Working with multiple windows

The typical SMART app is relatively simple. It is opened in a browser window, it goes through the authorization flow there and then it fetches some data from the FHIR server and des something with it.

The front-end apps are getting more complicated nowadays. Sometimes, an app might be doing many things, only fraction of which require connection to the EHR. Consider a mail client as an example. It needs to be able to sync with the mail server, but it would also be able to work offline (to some extent), because the messages are already in it’s local database. Similar scenario might be applied to a SMART app.

You may have a backend to store specific information for patients that your app has computed based on the FHIR data. Your app should be able to connect to that back-end by default, at any time, even if it does not have FHIR access at that time. In other words, it should be possible to postpone the SMART authorization process (which is typically executed when the app is launched). In addition to that, it can be useful to be able to execute the authorization flow in different window, tab, frame, popup etc.

Authorization on-demand

First, lets see how the authorization can be delayed until the the user actually needs it.

Standalone Launch

This is already easy to do for standalone launched apps. They have a launch entry point that contains all the information to perform the launch. This means that you can build an app that does whatever it does, and somewhere in the UI you can have a button or link to your SMART entry point. Whenever the user clicks that link, the app would authorize as usual.

Another option is to not even have a launch endpoint and just call the authorize function whenever you need it:

FHIR.oauth2.authorize({
    clientId: "my_web_app",
    scope: "launch openid fhirUser patient/*.read",
    redirectUri: "index.html",
    iss: "http://my.fixed.iss"
});

EHR Launch

This is a little trickier. The important concept here is that you DO NOT open your app yourself. The EHR does that for you and passes some parameters to it. With that said, the only way to postpone the authorization would be to get those launch parameters and remember them for later. Here is an example:

// in launch.html

// instead of authorizing directly, just remember the launch parameters
var searchParams = new URL(location.href).searchParams;
var launchParams = {
    launch: searchParams.get("launch"),
    iss   : searchParams.get("iss")
};
// Persist launchParams somewhere if needed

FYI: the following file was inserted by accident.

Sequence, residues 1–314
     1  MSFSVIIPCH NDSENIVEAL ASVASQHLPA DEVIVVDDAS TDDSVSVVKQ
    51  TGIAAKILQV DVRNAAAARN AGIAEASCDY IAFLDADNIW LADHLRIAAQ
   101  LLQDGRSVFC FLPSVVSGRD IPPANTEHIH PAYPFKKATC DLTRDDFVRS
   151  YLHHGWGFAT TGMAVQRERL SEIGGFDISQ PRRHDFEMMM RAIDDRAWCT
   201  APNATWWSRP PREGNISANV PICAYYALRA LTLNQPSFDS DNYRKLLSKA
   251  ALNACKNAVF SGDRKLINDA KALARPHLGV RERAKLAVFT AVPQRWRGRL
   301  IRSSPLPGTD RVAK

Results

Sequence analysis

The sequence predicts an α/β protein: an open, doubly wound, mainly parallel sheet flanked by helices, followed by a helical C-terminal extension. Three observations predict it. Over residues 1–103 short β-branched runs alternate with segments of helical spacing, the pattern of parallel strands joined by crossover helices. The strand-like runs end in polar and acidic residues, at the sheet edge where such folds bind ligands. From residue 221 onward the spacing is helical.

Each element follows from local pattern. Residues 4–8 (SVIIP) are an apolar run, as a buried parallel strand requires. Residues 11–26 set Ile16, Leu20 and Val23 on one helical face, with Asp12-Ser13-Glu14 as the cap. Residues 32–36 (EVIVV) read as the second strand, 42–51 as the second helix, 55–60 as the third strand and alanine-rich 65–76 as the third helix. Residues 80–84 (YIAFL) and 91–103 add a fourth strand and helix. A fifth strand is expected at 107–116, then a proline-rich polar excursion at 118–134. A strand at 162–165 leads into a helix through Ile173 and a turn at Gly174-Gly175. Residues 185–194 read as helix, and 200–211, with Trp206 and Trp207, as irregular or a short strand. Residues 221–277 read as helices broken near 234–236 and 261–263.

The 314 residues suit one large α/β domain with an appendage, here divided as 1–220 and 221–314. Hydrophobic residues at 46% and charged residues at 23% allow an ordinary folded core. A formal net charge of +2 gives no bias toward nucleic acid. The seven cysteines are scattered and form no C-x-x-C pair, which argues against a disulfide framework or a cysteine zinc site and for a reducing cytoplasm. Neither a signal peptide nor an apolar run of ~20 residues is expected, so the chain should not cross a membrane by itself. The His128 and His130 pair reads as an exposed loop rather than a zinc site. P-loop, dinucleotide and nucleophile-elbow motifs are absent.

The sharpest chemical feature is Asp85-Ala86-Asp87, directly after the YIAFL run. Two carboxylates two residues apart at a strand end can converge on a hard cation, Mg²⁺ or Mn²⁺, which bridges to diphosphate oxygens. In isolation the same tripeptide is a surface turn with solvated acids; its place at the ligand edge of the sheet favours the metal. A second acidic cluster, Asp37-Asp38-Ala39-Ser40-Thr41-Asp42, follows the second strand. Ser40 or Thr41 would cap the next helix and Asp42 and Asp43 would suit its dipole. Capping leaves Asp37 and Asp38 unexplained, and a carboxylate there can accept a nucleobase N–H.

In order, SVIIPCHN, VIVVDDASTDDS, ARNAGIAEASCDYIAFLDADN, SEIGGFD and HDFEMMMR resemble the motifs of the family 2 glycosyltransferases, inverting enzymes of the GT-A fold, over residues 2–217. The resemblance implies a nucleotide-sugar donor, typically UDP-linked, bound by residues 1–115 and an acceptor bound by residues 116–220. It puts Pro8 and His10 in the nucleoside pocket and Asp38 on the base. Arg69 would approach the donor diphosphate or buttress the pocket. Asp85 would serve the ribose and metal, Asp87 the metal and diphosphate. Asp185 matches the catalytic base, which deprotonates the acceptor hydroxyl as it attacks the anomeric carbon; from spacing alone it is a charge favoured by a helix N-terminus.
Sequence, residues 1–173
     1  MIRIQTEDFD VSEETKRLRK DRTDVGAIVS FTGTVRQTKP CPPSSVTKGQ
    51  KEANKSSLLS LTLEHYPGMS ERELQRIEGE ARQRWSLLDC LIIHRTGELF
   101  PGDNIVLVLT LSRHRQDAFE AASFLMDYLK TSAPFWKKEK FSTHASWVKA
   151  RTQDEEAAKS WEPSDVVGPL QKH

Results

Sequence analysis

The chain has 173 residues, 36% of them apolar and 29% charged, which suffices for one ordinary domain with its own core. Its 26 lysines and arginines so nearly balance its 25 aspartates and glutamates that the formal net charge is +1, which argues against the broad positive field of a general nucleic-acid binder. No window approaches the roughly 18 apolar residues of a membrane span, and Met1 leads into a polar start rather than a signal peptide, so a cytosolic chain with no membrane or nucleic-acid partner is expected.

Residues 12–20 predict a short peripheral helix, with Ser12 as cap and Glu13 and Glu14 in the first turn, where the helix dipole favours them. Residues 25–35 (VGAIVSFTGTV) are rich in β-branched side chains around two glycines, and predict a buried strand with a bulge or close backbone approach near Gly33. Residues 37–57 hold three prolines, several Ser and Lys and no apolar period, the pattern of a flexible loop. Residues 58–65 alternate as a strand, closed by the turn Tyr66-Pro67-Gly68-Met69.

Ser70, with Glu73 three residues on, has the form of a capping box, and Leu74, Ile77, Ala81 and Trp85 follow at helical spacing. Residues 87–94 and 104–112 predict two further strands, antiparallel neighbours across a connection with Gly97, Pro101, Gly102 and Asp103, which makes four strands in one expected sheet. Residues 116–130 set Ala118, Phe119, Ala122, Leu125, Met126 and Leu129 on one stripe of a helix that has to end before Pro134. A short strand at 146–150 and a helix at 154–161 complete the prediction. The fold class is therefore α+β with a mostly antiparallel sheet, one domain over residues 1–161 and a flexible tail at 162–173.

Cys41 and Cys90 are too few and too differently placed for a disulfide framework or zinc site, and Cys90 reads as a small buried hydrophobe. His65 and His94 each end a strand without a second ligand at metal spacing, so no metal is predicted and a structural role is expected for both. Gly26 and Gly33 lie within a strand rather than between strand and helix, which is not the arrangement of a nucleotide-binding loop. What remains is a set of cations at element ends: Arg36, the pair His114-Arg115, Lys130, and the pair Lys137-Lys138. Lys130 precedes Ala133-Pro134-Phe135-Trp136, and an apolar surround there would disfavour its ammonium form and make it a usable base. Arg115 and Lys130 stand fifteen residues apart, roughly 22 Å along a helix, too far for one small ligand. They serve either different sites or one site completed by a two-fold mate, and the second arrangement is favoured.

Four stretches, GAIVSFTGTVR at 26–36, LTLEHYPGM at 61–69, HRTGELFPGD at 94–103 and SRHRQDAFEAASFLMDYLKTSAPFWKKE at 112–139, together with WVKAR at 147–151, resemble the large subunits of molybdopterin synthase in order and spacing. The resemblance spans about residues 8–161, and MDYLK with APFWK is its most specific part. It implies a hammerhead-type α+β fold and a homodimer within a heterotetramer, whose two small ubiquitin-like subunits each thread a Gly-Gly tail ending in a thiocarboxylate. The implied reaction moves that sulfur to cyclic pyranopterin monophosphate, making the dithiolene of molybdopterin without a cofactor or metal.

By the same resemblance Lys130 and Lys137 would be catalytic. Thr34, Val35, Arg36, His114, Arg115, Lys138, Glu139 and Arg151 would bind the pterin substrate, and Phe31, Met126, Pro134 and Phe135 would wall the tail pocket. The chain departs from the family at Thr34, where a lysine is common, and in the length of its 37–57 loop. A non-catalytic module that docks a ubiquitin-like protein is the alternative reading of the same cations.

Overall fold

Later, when the user wants to login:

FHIR.oauth2.authorize({
    clientId: "my_web_app",
    scope: "launch openid fhirUser patient/*.read",
    redirectUri: "index.html",

    // pass the remembered values here
    iss   : launchParams.iss,
    launch: launchParams.launch
});

Authorization in different window (since v2.3.0)

Live Examples

Now that we are able to authorize on demand, we might also want to do that in a popup window (or any other valid window target). Here are some examples:

This will open the authorization screens in a centered popup window. If the authorization is successful, the popup will eventually close itself and your main window will load your redirect_uri.

FHIR.oauth2.authorize({
    target: "popup",
    // ...
});

Same as above, but with specific dimensions for the popup window:

FHIR.oauth2.authorize({
    target: "popup",
    width: 1000,
    height: 600
    // ...
});

In this case (completeInTarget: true), the popup will remain open and the app will render inside it.

FHIR.oauth2.authorize({
    target: "popup",
    completeInTarget: true
    // ...
});

Using custom popup

This is not a real popup window but an iframe within HTML elements so that it looks nicer and is not affected by popup blockers. These often have some kind of open/close animations and that means they are not always ready to use immediately. That is why we use a function that returns a promise:

// <div id="layer-popup">
//   <header>My PopUp</header>
//   <iframe name="myPopupFrame" id="myPopupFrame" src=""></iframe>
// </div>
function openPopup() {
    return new Promise(resolve => {
        // Start opening
        document.getElementById("layer-popup").classList.add("open");

        // It is a good idea to reset the iframe, in case it has been opened before
        document.getElementById("myPopupFrame").src = "about:blank";

        // Once our CSS transitions are done, resolve with the name of our frame
        setTimeout(() => resolve("myPopupFrame"), 1000);
    });
}

FHIR.oauth2.authorize({
    target: openPopup,
    // ...
});

There are many other possible ways to authorize in a different window. Just consider the possible values for the target option listed below and then also combine those with completeInTarget: true to get an idea of what may be achievable.

Possible target values:

NOTE: You must use target windows having the same origin. If a target cannot be resolved to a window or if there are security issues (or for example popups are blocked), the authorization will fail back to using the current window.